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[pct-l] Carrying food, zip-loc's, goo, etc.
Hello Gypsy (and All) -
<< I would eat my 4 packs of instant grits or instant
oatmeal and then would wake Tony up when the water was hot for his 6 packs. >>
>I would love to know how many packets you had to carry if you were eating this
We usually tried to resupply about every week or so. I would have to dig
our spreadsheets out of storage to give you any better detail. We made up
three separate spreadsheets showing the resupply timelines for three
different hike-lengths (4, 4 and 1/2, and 5 months...based on Ray's book).
We made a single printout where the three timelines were in separate
columns and we forced the common resupply towns to be printed on the same
row. We carried this "cheat sheet" (xerox-reduced) to use when we
discussed resupply with my wife during each town stop. I would call from
each resupply point and would negotiate the next resupply over the phone.
We often didn't decide on either the next resupply location or the amounts
of food needed there until during that phone call. We were constantly
switching back and forth between the three timelines as trail conditions,
our hiking strength, and the length of the day changed. To top it off, the
#$%^&* Unibomber caused airmail into CA to close down during our hike...it
sure did make for some interesting phone calls (my wife was mailing
resupply boxes from Alabama <g>).
My son and I enjoyed town way too much for us to be able to go in any too
often! Less than a week between mail-drops and we probably would not have
been able to finish the hike in one season. Too much more than a week and
we would have been carrying more weight than we wanted (our food always
came in somewhere between 1 and 2 lbs per person/day). The most food that
we carried was for the stretch between Tuolumne Meadows (resupply in Lee
Vining) and Mt. Whitney (Lone Star). This was the finale of our hike (we
did 2 skip/flips...long story <g>) and we were hiking during the last of
October. We didn't plan to mess around (did NOT relish the idea of getting
trapped in the high passes by snow!), had some hard deadlines (I had a
conference to attend and we had el-cheapo non-refundable plane tickets out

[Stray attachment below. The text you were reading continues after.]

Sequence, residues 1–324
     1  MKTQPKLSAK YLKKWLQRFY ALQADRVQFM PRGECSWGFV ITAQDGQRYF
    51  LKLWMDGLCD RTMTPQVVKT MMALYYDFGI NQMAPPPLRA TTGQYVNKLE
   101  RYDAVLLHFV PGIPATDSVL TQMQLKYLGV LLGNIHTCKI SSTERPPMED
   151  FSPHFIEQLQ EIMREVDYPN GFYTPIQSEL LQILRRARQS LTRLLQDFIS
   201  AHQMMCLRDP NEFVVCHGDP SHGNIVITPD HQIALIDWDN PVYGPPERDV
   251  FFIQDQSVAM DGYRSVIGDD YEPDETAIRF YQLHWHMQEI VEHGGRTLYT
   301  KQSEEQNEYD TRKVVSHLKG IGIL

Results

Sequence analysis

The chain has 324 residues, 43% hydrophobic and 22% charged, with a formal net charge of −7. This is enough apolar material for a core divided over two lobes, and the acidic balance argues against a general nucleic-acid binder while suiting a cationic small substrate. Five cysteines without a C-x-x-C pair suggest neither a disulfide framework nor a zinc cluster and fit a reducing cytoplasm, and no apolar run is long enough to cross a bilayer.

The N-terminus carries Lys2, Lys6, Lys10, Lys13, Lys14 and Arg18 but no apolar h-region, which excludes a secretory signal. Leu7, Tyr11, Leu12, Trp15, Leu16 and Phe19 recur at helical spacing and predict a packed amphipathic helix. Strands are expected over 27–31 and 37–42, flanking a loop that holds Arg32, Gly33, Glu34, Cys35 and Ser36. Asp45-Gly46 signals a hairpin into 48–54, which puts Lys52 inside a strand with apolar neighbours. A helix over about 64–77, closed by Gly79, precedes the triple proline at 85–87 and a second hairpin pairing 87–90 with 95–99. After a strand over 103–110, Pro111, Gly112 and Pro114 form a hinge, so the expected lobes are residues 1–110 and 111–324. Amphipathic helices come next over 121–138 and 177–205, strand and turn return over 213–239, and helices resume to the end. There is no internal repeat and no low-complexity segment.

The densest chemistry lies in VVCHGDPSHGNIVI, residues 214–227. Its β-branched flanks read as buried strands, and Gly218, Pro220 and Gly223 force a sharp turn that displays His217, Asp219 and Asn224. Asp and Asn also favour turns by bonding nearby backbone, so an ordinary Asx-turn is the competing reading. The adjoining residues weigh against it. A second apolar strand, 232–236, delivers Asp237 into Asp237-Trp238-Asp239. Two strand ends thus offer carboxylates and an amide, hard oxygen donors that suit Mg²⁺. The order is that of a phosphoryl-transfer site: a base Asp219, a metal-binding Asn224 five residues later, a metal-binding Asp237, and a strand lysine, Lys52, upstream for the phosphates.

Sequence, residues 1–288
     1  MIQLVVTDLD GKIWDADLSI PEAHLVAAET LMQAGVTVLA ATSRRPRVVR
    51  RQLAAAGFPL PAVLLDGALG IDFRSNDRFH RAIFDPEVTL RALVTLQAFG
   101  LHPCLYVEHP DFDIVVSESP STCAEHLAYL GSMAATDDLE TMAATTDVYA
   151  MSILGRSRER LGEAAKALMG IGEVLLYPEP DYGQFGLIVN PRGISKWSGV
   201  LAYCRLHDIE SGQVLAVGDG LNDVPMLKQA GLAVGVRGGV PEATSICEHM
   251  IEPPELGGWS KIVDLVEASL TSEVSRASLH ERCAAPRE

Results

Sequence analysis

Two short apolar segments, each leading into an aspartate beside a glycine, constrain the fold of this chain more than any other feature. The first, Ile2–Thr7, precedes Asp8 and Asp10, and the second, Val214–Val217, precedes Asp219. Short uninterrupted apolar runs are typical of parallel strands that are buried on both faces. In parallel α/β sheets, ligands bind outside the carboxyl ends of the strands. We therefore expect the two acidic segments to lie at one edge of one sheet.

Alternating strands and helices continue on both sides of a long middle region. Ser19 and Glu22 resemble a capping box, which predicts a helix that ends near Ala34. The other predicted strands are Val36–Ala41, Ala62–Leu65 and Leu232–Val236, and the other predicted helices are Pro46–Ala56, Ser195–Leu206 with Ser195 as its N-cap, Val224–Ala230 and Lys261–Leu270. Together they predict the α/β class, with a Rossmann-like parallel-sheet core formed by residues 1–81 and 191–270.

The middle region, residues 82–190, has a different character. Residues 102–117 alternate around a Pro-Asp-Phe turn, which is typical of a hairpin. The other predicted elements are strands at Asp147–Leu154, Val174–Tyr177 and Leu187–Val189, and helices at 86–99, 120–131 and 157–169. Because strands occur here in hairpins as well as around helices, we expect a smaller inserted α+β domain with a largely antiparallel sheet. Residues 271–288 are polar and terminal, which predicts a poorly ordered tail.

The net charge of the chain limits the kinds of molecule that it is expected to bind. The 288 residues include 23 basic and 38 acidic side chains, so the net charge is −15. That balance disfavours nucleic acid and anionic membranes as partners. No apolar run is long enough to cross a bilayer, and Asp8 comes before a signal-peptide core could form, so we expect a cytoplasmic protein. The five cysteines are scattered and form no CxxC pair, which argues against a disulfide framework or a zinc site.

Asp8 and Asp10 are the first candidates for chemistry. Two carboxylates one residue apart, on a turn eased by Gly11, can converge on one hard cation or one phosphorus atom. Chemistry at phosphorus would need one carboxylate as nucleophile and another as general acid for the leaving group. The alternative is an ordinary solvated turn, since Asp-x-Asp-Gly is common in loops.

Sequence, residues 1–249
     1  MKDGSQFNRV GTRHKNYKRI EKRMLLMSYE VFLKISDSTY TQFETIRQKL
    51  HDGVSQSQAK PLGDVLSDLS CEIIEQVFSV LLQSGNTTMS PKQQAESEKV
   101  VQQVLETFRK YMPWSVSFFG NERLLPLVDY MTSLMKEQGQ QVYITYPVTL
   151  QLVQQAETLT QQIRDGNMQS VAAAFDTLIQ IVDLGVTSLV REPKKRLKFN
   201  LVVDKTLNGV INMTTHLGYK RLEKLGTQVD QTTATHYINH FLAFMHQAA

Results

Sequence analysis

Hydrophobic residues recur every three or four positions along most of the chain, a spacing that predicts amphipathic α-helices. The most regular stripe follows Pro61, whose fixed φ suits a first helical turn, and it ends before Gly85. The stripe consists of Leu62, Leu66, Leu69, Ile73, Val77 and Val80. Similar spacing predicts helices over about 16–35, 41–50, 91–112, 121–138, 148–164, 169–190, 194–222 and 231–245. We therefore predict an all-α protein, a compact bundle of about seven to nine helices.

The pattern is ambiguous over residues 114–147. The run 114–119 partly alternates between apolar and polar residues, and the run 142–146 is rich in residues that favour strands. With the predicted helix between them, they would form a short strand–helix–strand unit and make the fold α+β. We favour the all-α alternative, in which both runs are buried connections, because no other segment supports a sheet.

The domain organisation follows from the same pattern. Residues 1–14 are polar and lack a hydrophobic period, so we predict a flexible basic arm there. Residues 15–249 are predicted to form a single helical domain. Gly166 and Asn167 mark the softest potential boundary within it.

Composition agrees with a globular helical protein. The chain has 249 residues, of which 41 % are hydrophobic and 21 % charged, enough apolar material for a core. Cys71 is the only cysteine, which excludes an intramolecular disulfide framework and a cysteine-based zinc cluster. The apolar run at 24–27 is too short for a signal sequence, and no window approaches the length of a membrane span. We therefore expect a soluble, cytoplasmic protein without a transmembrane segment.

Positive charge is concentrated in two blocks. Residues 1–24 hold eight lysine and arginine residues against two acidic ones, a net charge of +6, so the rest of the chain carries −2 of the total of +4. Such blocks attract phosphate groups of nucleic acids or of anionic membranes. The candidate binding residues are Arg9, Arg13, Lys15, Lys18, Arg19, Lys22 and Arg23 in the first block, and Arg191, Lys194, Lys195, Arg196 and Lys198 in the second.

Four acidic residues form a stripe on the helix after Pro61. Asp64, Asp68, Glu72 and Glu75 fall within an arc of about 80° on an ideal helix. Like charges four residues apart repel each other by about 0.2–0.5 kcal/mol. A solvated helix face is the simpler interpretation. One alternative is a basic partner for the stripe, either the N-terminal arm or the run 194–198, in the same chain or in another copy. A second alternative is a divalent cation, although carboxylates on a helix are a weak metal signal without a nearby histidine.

of Reno), we were in as good a hiking shape as we were ever likely to get
into, and the weather was perfect for hard hiking (cold and dry).
We got rid of everything we absolutely didn't need, loaded up with 12 days
worth of food and took off for some full days of hiking. Had food left
over when we finished...but not a whole bunch <g>. I am sure that we must
have carried 120 packets of hot cereal to cover that stretch. The majority
of the packets were oatmeal... instant grits would probably have given us a
bit more energy, but we were eating grits for supper almost every night by
that point and enjoyed having a change for breakfast.
One of the hardest decisions that we made was to NOT carry our coveted
"goo" during this stretch. We had learned on the AT (from "Noname" - a
Dutch southbounder) how to make a wonderful lunch suppliment. We adjusted
his recipe to our taste and wound up with: 2/5 chunky peanut butter, 2/5
honey, and 1/5 Parkay liquid margarine. We grew to crave this mixture more
and more as the hike went on (I would even carry it into town-stop
restaurants to put on our flapjacks <g>). We rationed ourselves to about
1/2 cup per person/day because of the weight, but could have easily eaten 5
times that amount! Our favorite lunch was: 1/2 cup goo, 2 flour tortillas,
2 1-oz string cheese packets, and either 1/2 cup GORP (we liked greasy
salted mixed nuts, raisins, and plain m&m's) or 1/2 cup fruit leather.
We sat on the motel bed in Lee Vining and passed the HEAVY bags of goo back
and forth (2 6-cup bags). It didn't take long to decide to suck it up and
do without that precious stuff. We made it...but I sure missed my goo!
BTW, thinking about goo made me remember how much I DON'T love zip-loc bags
for food storage during thru-hiking <g>. We already knew not to pack any
of our dehydrated foodstuffs in zip-locs (veggies went in those plain food
storage bags that you can twist and knot shut, meats went into
vacuum-sealed packets), but we foolishly tried to resupply the goo in
zip-loc's at first. Mixing the goo from the three separate components in
the average motel room is a mess...it gets all over everything and much is
wasted, so we kept trying to send it pre-mixed from home. At first we
tried double bagging in zip-locs, but got expertly chewed out by the post
office folks who didn't like the oils that escaped and soaked the resupply
box. We finally learned how to bag it up (like the veggies) and then to
bag it again in case any of the oils made it thru the inner-bag's knot
Using the simple food storage bag to resupply goo had another interesting
benefit as well. We could carry a 6-cup bag of goo (6 days worth) and use
it three times to refill our 2-cup wide-mouth plastic "working" storage
container. The first time we would just pinch off a corner of the 6-cup
bag and squeeze out enough goo to refill the container. When done, it was
easy to squeegee the goo back away from the pinched corner, twist the bag
at that corner, and tie a new knot to keep any more goo from leaking out.
The second refill used the remaining corner, the third refill emptied the
6-cup bag (then we fought over who was going to get to turn it inside-out
and lick it clean <VBG>).
Hmmmm...come to think of it, I haven't had any goo for a month or
two...must be time to mix up another batch!
- Charlie II
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